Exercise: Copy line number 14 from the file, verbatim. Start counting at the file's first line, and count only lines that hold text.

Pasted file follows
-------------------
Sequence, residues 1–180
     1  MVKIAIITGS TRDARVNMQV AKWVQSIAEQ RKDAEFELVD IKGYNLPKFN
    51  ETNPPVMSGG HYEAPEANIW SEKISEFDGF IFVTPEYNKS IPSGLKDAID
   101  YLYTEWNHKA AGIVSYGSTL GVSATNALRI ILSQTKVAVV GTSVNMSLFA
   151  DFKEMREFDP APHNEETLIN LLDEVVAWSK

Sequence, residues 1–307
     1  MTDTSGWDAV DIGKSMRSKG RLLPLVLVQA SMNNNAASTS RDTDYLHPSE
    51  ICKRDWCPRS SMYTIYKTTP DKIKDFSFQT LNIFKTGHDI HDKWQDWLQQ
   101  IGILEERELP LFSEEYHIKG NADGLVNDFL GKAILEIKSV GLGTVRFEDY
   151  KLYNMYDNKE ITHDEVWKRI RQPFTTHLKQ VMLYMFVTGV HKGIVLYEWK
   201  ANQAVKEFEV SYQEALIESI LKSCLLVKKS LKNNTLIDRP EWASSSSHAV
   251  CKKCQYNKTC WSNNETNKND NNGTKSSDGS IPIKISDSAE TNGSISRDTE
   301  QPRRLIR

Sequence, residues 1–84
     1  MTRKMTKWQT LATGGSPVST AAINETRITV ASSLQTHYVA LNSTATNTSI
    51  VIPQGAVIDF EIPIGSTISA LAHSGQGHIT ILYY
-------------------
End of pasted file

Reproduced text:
Sequence, residues 1–84